Technically, an evidentiary hearing occurs anytime a court hears and considers evidence to make a legal decision. This can occur in many different contexts, including a motion for belated appeal, hearing on a 3.850 motion, etc. The criminal law attorneys of Hackworth Law have handled a variety of evidentiary hearings. An evidentiary hearing in criminal cases is most commonly referring to a hearing that occurs as part of a violation of probation case. When someone charged with a violation of probation and does not resolve the case with an admission or dismissal of the violation of probation, the case will ultimately resolves with an evidentiary hearing. An evidentiary hearing is the equivalent of a trial for a law violation.
During the evidentiary hearing, the State Attorney’s Office will call witnesses and present evidence attempting to prove the probationer violated their probation. The Accused will also have the opportunity to call witnesses, present evidence and present argument. Ultimately as we have discussed in other blog articles, there are two (2) types of violation of probations – technical and substantive violations. An evidentiary hearing can occur on either a technical or substantive violation. The State is forced to prove the violation by a preponderance of evidence. This is a much, much lower burden than beyond and to the exclusion of every reasonable doubt – the standard for criminal cases. Many times, a probationer will be found not guilty on the underlying the substantive criminal charge or the State will abandon the charges and the Court will find the probationer has violated the terms of their probation. The Judge will have the ultimate decision; a probationer does not have the right to have a jury make the decision. A probationer does have a right to counsel during the evidentiary hearing. An attorney can greatly assist in forcing the State Attorney’s Office to properly carry their burden.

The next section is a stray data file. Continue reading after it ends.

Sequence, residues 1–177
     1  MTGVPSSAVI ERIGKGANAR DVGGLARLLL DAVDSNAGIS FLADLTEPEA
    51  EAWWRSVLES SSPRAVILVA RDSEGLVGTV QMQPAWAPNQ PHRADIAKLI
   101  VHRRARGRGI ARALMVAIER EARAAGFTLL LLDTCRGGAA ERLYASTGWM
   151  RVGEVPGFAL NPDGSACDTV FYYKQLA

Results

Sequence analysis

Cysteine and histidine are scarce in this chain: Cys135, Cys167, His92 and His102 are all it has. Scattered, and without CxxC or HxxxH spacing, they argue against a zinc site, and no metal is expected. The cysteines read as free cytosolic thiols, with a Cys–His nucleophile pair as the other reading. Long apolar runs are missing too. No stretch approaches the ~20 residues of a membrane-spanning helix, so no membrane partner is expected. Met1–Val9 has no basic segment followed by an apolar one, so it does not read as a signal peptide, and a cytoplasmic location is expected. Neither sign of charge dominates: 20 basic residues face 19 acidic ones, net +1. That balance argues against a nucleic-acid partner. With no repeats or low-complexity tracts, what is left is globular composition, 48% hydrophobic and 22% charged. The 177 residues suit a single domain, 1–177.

Generally, the majority of evidentiary hearings concern a probationer’s ability to pay the many, many costs associated with probation. The most successful defenses at evidentiary hearings generally focus on a probationer’s ability to actually pay the costs of probation. The State must prove that a probationer has willfully violated their probation. For example, if a probationer legitimately has repeatedly sought employment and is truly unable to find employment, the Court cannot find they willfully violated their probation. It is often very difficult for the State Attorney’s Office to prove a probationer has the ability to pay and failed to pay the costs of probation.
If you or someone you know has questions concerning a violation of probation and/or an upcoming evidentiary hearing, contact the Tampa criminal attorneys of Hackworth Law for a free case consultation. We look forward to hearing from you and working with you.